Recently one of my friends from church has suffered the loss of her father due to mental illness. I thought it was very brave of my friend to be so upfront about saying this, because it takes some of the stigma away from depression and other mental health issues.
Another family that has done an enormous public service along this vein is the Montgomery family, the heirs to Lucy Maud Montgomery who was the author of Anne of Green Gables and other beloved classics. When Canadian television ran a documentary about suicide and depression, the Montgomery family released their long held family secret in the hope of helping others. LM Montgomery had succumbed to a life-long battle with depression and ended her own life.
When I read this as an adult I was truly shocked. My two favorite authors growing up were LM Montgomery, and Laura Ingalls Wilder. As it turns out, The Little House on the Prairie series was most likely written by Rose Wilder Lane, Laura and Almanzo’s brilliant and unhappy daughter who also suffered from depression. So now it turns out that the entire body of work (exclusive of the Bible), that was critical to my identity formation as a young tween was written by two women who suffered from mental illness.
In retrospect, the revelation about LM Montgomery makes a lot of sense. If you have read any of her work you know that she often described what she called “white nights”. These were times when her characters work up at 3AM and brooded; worrying so much that they were unable to fall asleep. As an adult I can see that sure, everyone goes through tough times at one point or another and has trouble sleeping, but to actually have this happen to you so often that you name it, could be a sign of mental distress.
Another common element of LM Montgomery’s work was her characters expressing the point of view that there was only one path for them, towards happiness. In the Emily of New Moon series, this was termed “the Alpine Path”. As a child, I took this a gospel truth; that smart, brilliant people were hard-core and pursued their goals single mindedly whatever the cost. Now as an adult, I can see how psychologically detrimental that narrative can be. Happiness is a choice, not a state of being, and there are many avenues towards achieving a happy life. When I was 18 I got turned down by Harvard, but I went to Stanford instead and that ended up being okay!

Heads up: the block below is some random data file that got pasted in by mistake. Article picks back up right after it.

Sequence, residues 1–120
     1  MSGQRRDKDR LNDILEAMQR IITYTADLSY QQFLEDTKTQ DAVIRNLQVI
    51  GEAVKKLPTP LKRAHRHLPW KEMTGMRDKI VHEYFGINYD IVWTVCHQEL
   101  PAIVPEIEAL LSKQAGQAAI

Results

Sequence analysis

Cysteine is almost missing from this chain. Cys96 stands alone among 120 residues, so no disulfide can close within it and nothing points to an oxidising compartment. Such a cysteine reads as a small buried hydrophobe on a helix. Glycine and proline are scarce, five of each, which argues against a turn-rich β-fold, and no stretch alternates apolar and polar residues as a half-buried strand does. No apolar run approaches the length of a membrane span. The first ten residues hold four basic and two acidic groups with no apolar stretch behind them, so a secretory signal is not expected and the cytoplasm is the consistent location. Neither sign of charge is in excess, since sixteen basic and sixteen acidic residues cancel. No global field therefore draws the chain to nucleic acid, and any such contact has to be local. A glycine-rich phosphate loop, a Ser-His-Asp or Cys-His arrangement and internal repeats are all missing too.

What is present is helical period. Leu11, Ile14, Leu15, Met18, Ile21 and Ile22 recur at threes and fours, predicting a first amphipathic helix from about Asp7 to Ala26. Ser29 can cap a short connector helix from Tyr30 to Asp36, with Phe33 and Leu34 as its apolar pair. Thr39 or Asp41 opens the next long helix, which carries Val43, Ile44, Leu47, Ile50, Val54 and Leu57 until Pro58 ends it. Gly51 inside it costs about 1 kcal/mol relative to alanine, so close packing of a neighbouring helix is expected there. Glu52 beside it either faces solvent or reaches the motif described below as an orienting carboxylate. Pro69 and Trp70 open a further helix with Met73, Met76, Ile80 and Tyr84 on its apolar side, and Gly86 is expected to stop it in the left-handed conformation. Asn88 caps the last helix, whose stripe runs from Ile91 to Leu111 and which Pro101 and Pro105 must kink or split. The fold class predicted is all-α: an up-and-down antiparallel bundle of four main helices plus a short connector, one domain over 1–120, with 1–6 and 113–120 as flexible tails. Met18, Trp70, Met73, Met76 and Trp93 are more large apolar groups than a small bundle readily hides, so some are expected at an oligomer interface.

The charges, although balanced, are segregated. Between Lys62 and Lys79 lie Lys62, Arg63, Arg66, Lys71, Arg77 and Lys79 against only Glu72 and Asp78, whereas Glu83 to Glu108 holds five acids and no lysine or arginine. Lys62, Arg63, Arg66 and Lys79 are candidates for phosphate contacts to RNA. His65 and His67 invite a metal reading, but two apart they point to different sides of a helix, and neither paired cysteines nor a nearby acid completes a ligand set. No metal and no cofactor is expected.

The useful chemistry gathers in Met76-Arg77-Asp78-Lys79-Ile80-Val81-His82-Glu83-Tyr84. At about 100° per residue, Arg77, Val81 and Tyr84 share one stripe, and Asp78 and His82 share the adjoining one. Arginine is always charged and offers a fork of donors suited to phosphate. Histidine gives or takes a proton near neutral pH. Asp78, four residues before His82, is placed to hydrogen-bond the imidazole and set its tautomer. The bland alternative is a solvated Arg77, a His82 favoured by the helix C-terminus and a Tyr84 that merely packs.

I still absolutely love all of LM Montgomery’s work. Plot-lines, creativity, passion, scenic descriptions… To this day, she remains one of my top five favorite authors of all time. I would be devastated if my either of my children did not love her work as much as I do. But when Bruce and Jenna do read Montgomery’s books someday, I’m going to have a lot of new talking points to discuss with them. I am also saddened that LM Montgoemery did not live in a time where modern medicine could have done more to help her.